Swimmer’s Ear: Causes, Symptoms & Treatment

David Cuthbertson, MD


Summer is here! While most people (especially kids) take this as an open invitation for regular pool time, some dread the inevitable swimmer’s ear that will soon follow all that time in the water.

As you prepare for your days on the lake, in the pool, or at the beach, here’s what you need to know about swimmer’s ear treatment… and prevention!

What is Swimmer’s Ear?

Swimmer’s ear, also called otitis externa, describes inflammation of the external ear. While ear infections (otitis media) take place in the middle ear, a swimmer’s ear infection affects the skin of the auditory canal and the skin on the ear itself… basically any skin outside of the eardrum.

As the name indicates, swimmer’s ear is common in swimmers. But the reason for the infection is less clear.

In the past, swimmer’s ear likely occurred because people used to swim in dirty water. Essentially, they were swimming in bacteria, which would enter the ear and cause an infection. Since the eardrum forms a barrier to the middle ear space, the bacteria didn’t move to a middle ear infection, but the external ear reacted.

Now, the problem may come from a nearly opposite reason in swimmers — the ear is too clean. Ear wax controls the pH balance of the ear canal and prevents bacteria from growing. But if the ear is completely clean and washed out from regularly swimming, the pH or biome of the ear canal may be altered, allowing for the growth of bacteria. Essentially, an ear that’s too clean might create an environment for opportunistic bacteria infections.

How To Know If You Have Swimmer’s Ear

Swimmer’s ear is extremely painful. This infection also turns the ear red and causes swelling. The ear canal may even swell to the point where it’s difficult to see into the ear. In most cases, a red painful ear, especially after time in the water, indicates swimmer’s ear.

Some people also experience drainage that oozes from the inflammation in the ear. Because of the drainage, hearing can be muffled, making it sound like you’re wearing an earplug.

swimmers ear treatment

Swimmer’s Ear Treatment

Swimmer’s ear is relatively easy to treat. Because it’s a skin condition and we have access to the skin that’s affected, we can treat it with drops. When you apply the right combination of antibiotic or steroid drops to the skin, the infection usually improves quickly.

In some severe cases, oral antibiotics and/or steroids are also necessary to completely eliminate the infection.

If the canal is so swollen the drops can’t enter the ear, we can insert a wick — a small, elongated piece of foam. You then apply the drops to the end that’s sticking out. The wick dissipates the drops through the canal to the areas that cannot otherwise be reached.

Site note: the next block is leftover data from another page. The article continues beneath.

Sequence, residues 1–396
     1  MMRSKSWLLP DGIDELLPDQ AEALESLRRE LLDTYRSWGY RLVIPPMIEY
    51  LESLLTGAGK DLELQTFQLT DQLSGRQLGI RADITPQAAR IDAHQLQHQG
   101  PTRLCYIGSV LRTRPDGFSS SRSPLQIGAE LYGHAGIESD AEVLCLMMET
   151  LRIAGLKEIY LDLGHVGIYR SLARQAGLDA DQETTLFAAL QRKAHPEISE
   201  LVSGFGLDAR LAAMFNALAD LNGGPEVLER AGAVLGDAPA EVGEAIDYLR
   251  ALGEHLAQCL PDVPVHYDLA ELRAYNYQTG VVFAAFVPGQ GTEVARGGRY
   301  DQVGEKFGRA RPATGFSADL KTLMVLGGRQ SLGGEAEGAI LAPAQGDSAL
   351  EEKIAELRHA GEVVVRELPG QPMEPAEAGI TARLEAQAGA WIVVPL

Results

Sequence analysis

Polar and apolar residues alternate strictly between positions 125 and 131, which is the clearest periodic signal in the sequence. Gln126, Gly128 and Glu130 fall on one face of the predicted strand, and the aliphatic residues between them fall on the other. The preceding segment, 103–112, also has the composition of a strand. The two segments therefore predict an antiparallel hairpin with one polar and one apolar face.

How to Prevent Swimmer’s Ear

Swimmer’s ear isn’t typically recurring. While some people experience it repeatedly, it’s not linked to inherent risk. Instead, repeated cases of swimmer’s ear happen because you are repeatedly exposed to the same conditions that allow bacteria to enter the ear.

If you repeatedly experience swimmer’s ear, consider these options for prevention:

1. Wear a swimmer’s earplug.

Choose a water-resistant plug — not just a foam plug for sound.

2. Wear an ear mold.

Instead of an earplug, you can wear a form-fitted silicone mold. This mold, custom-made by your doctor, can be inserted into the ear to prevent water from entering the ear. For most people, ear molds are more comfortable than earplugs.

3. Use swimmer’s ear drops.

This alcohol-based solution dries out the ear canal. Ear drops can be effective, especially after swimming in a lake.

However, don’t overdo it. Over-drying the ear isn’t healthy. Only use drops after swimming — not as a preventative measure.

If you have ear tubes, avoid ear drops or any alcohol in the ear. The alcohol will travel through the tube and cause extreme discomfort.

4. Don’t irrigate the ear or clean it too much.

Avoid cleaning the ear with cotton swabs. Also, do not turn your ears to irrigate them during a shower or apply alcohol as a preventative measure.

As a rule, the dryer the ear, the better.

Don’t let fear of swimmer’s ear keep you out of the water. With the right prevention and treatment plan, you should be set for a great time in the water that won’t leave you paying the price for days to come.



Disclaimer: The content on this website is written and/or reviewed by a qualified medical doctor and great care is taken to provide accurate general information. However, it is for informational purposes only and is not to be taken as a substitute for medical advice from your own physician who is familiar with the details of your medical history. Always consult your doctor regarding health concerns before deciding any course of medical action.